For newer lenders who have been offering bounce back loans, this may be a stage of the credit cycle they have not experienced before, and mindsets will need to make the significant shift from growth to recovery. This all takes time, resources and investment as processes are developed and stream-lined and staff trained.
Having to pursue SMEs for unpaid debts could lead to serious reputational damage for lenders. Many borrowers will be small, family-run businesses, which have borrowed an average of £30,000 each4. Will lenders risk pursuing them through the courts, with all the expense and reputational damage that could bring?
Lenders are particularly sensitive to this issue having been involved in a series of scandals around treatment of small borrowers after the last financial crisis.
Even the companies that do pay could still pose ‘headline risk’ for lenders. Borrowers with limited funds available have difficult choices to make: do they pay back their lender at the expense of their suppliers or tax bill? This could cause significant problems down the supply chain, as well as for HMRC.
In July, the British Business Bank (BBB) and UK Finance announced they had embarked on exploratory discussions with leading commercial banks, such as HSBC, in order to agree on a ‘code of conduct’ as to how all Bounce Back Loan scheme lenders should treat borrowers and as highlighted, we understand discussions between the FCA and HM Treasury on this point are ongoing.
Although these talks have not yet concluded, it is hoped that agreeing a standardised, automated approach to dealing with defaults could protect lenders from individual reputational damage.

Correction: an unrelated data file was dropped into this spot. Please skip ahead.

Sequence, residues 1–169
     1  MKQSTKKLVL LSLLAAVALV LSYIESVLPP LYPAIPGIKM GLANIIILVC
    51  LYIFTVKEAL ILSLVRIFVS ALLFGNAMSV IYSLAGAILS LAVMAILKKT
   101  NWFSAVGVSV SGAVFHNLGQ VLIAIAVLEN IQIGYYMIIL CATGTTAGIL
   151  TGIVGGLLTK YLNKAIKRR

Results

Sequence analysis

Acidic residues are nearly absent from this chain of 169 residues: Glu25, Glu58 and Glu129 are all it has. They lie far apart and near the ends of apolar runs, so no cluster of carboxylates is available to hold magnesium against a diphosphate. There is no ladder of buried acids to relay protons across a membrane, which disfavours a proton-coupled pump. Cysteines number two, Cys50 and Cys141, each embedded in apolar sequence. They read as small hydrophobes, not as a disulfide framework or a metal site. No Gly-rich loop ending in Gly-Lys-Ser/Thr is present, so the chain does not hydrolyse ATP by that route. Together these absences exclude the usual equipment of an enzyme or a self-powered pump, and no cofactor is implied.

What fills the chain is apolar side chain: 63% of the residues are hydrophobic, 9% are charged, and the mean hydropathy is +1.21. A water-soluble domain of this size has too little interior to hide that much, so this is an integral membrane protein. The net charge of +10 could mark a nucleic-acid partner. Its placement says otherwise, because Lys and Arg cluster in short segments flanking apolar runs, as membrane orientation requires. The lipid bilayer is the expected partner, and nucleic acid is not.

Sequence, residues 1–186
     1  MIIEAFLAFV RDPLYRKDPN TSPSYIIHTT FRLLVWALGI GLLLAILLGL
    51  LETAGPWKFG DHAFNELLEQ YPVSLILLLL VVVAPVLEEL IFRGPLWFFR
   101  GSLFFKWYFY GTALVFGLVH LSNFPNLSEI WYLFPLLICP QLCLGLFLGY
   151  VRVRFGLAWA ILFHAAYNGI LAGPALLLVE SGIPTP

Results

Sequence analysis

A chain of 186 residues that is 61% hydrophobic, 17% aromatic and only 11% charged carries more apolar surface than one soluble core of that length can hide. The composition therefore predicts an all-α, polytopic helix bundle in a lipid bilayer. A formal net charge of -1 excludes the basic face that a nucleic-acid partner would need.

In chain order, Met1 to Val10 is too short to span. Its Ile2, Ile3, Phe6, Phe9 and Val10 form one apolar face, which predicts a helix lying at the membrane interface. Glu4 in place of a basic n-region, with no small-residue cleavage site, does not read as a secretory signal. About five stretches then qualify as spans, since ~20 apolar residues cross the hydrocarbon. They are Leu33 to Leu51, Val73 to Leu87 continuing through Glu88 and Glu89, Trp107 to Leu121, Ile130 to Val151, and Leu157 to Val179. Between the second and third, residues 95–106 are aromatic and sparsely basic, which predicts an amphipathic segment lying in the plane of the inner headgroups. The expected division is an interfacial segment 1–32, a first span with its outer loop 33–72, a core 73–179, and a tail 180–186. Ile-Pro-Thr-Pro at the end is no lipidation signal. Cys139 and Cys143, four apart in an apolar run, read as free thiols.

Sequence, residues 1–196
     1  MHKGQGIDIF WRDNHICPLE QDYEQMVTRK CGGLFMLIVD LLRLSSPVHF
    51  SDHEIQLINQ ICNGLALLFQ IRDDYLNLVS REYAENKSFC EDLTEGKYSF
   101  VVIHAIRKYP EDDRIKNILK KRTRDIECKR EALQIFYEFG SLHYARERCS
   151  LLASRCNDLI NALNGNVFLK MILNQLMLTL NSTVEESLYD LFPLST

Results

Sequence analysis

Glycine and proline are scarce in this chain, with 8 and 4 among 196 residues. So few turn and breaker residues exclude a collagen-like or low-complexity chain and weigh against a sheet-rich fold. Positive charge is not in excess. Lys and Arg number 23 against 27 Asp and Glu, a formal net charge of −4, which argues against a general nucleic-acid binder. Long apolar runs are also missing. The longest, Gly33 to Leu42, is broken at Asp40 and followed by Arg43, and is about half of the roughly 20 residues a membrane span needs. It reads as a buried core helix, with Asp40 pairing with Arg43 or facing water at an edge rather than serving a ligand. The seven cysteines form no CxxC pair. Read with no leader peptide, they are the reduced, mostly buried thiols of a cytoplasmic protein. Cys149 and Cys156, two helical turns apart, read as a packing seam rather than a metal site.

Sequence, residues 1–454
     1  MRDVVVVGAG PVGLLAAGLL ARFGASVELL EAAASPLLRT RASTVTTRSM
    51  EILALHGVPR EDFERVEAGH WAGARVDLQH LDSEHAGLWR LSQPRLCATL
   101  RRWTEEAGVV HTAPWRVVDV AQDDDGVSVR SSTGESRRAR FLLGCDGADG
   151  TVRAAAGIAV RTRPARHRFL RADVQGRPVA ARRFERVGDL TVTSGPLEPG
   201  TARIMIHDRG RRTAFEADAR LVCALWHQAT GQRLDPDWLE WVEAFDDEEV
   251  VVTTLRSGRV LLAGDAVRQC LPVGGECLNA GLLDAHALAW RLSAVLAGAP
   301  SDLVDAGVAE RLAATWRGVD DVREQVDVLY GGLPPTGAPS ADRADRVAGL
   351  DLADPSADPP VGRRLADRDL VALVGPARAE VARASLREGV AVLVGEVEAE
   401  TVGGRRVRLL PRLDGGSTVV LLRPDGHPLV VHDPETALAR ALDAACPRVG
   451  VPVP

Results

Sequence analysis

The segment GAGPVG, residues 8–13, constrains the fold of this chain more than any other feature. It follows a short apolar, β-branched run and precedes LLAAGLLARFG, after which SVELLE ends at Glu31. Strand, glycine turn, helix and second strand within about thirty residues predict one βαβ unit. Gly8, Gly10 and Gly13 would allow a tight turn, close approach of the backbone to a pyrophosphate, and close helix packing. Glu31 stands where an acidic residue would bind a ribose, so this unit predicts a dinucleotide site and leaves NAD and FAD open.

One big question remains: what is going to happen to all these loans, and what role should lenders themselves play?
CityUK, an industry body representing UK-based financial and related professional services, has established the Recapitalisation Group in order to identify ways to support the recapitalisation of UK businesses who have taken on unsustainable debt in response to COVID-19. Its final report was published in July and proposes a variety of solutions including converting loans into contingent tax obligations, subordinated debt or preference shares5.
However, these options raise the thorny issue of giving preferential treatment to SMEs who took up Bounce Back loans, thereby giving an advantage over SMEs who have soldiered on without government aid. The government is unlikely to make any decisions on this in the near term, wary that proposing more generous terms will only lead to more loans being taken out opportunistically, adding to the problem.
For Bounce Back Loan scheme lenders however, the uncertainty will continue. When an existing borrower approaches its lender to refinance its government guaranteed loan, there will be difficult choices to make.
Do they refinance the loan without the benefit of the guarantee, bearing in mind the lender might have performed no previous credit checks on this borrower? Or do they push the borrower into an enforcement scenario with all the associated costs of trying to recover at least some of the debt before calling on the guarantee?
Lenders will already be feeling pressure due to the economic downturn, and this will only increase in the coming months as defaults rise and difficult decisions need to be made. They should start to prepare now.